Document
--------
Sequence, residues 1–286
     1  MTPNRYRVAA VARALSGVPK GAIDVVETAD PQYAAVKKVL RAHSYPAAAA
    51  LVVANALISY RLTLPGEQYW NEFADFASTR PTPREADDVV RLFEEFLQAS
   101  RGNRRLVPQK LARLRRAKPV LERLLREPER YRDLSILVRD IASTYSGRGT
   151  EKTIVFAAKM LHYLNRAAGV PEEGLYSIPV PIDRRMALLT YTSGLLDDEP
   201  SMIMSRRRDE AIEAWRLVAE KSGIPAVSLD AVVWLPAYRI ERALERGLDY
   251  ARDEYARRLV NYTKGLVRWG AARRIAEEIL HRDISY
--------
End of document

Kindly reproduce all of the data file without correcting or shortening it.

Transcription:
Sequence, residues 1–286
     1  MTPNRYRVAA VARALSGVPK GAIDVVETAD PQYAAVKKVL RAHSYPAAAA
    51  LVVANALISY RLTLPGEQYW NEFADFASTR PTPREADDVV RLFEEFLQAS
   101  RGNRRLVPQK LARLRRAKPV LERLLREPER YRDLSILVRD IASTYSGRGT
   151  EKTIVFAAKM LHYLNRAAGV PEEGLYSIPV PIDRRMALLT YTSGLLDDEP
   201  SMIMSRRRDE AIEAWRLVAE KSGIPAVSLD AVVWLPAYRI ERALERGLDY
   251  ARDEYARRLV NYTKGLVRWG AARRIAEEIL HRDISY